How Telescopes Work and How You Can Build One

While many people understand that telescopes are viewing devices that magnify faraway objects, fewer of us are aware of how exactly telescopes enhance our vision. Our eyes alone are unable to see faraway objects due to the fact that these objects don’t take up enough space on the retina of your eye. A telescope essentially uses lenses, mirrors or a combination of both to collect more light from a distant object to make it appear brighter to your eye, allowing you to see it.

Telescope Magnification
While a refractor telescope gathers light through a series of lenses, reflector telescopes use mirrors to magnify images. However, regardless of how a particular type of telescope gathers light, all telescopes effectively magnify images through the following steps:

  1. Once a telescope takes in enough light, it brings that light to a single concentrated point called the focus.
  2. The eyepiece magnifies the light from that focus to take up a large space on the viewer’s retina, allowing a person to see a close-up image of a faraway object.

If an image is blurry or not magnified enough, the viewer can manipulate the telescope’s aperture, the diameter of the telescope’s objective lens or primary mirror. The larger the aperture, the more light the telescope can gather and, therefore, the brighter the image will be.

Keep in mind that you can use different eyepieces with the same telescope to get different degrees of clarity and magnification. In fact, many astronomers typically own several eyepieces to use for different circumstances.

Refractor Telescopes: It’s All About the Lens
While Galileo was the first astronomer to use a refractor telescope centuries ago, technological advancements have allowed this type of telescope to remain popular in modern times. Refractor telescopes usually consist of the following basic elements:

  • an eyepiece lens
  • an objective lens, the largest lens that gathers the most light in a refractor telescope
  • the tube that holds these two lenses apart at the correct distance for optimal viewing.

In general, refractor telescopes are best for viewing the details on planets or looking at binary stars, rather than for viewing galaxies, nebulae and other faint deep-sky objects. This is primarily due to the fact that refractor telescopes can’t get a large enough aperture to effectively view larger celestial bodies.

Depending on the brand you choose and the extra features you want, refractor telescopes can cost anywhere from $100 to upwards of $3,000.

Reflector Telescopes: Mirrors for More
Created by Isaac Newton, reflector telescopes use mirrors to gather light instead of lenses. This type of telescope uses a primary mirror, which functions like the objective lens of the refractor telescope, along with a secondary mirror that focuses and transmits light to the eyepiece.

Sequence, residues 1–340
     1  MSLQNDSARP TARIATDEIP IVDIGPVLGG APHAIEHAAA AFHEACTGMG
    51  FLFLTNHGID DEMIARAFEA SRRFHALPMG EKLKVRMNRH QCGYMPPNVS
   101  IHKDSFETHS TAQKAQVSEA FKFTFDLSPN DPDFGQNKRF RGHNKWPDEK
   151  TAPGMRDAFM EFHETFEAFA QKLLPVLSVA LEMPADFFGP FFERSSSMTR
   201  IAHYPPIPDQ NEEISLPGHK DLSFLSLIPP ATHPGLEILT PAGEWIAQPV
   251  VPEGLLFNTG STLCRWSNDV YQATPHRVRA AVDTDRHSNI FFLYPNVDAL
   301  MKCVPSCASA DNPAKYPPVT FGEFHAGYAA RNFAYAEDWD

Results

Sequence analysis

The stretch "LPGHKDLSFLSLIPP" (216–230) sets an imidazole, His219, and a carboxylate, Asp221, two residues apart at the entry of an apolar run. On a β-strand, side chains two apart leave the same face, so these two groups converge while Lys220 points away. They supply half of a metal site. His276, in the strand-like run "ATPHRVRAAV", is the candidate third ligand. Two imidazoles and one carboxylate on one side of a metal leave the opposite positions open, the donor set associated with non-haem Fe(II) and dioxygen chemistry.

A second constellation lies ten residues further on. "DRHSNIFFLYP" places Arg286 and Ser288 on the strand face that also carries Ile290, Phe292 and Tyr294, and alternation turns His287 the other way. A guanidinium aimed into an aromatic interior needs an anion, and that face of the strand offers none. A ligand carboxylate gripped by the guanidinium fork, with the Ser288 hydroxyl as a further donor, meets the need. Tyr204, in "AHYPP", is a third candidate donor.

The focal ratio, also called the f/number, is how you measure the brightness of the image. Mathematically, the focal ratio is the numerical result of dividing the focal length (the distance from the mirror to the focus point) by the aperture length. Rich-field (also known as wide-field) reflector telescopes have short focal ratios with wide fields of view and are great for viewing larger celestial entities, such as comets, star clusters and galaxies.

While reflectors are extremely popular telescopes today, they do have some drawbacks, such as coma, a phenomenon in which an object at the edge of the viewing field appears elongated and blurry. Another downside to reflector telescopes is that they can require more maintenance than their refractor counterparts in that you do need to occasionally clean and align the mirrors. However, reflector telescopes are usually less expensive than refractor telescopes, which can make them a good choice for those who are just starting to practice astronomy.

Like refractor telescopes, reflector varieties usually cost anywhere from $100 to upwards of a $3,000.

Catadioptric Telescopes
A catadioptric telescope, also referred to as a compound telescope, combines the features of both refractor and reflector telescopes by using a combination of lenses and mirrors to magnify objects. The most popular type of catadioptric telescope is called the Schmidt-Cassegrain telescope (SCT).

In this type of telescope, the primary mirror has a much deeper curve than those in reflector telescopes to bring the focal plane closer (and, therefore, reduce the focal length). The secondary mirror is characterized by a positive curve (meaning it is convex, sticking out rather than curving inwards). The positive curve bounces the light back through a hole in the primary mirror so that it reflects to a final diagonal mirror that bounces the light to the eyepiece.

By folding light rays back on themselves three times, catadioptric telescopes significantly reduce the viewing defects associated with both refractor and reflector telescopes. As a result, catadioptric telescopes tend to be more expensive than other types of telescopes.

How to Build a Telescope
If you really want to save money and understand the principles of telescopes, then there’s no better way to learn than by building your own. Surprisingly, many amateur astronomers choose this path for their first telescope.

If you are considering building your own telescope, you may want to buy a kit that contains all of necessary pieces, as well as instructions on how to put them together correctly. Alternately, you can choose to grind the mirrors or lenses yourself and then find information online, in books and/or in astronomy magazines on how to build telescopes. Just be sure to choose a design that meets your needs and follow the instructions. Once you get the hang of it, you may even find yourself able to adjust the design accordingly.

Affordable Telescopes
Check out our Affordable Telescopes page for tips on amateur astronomy on a budget.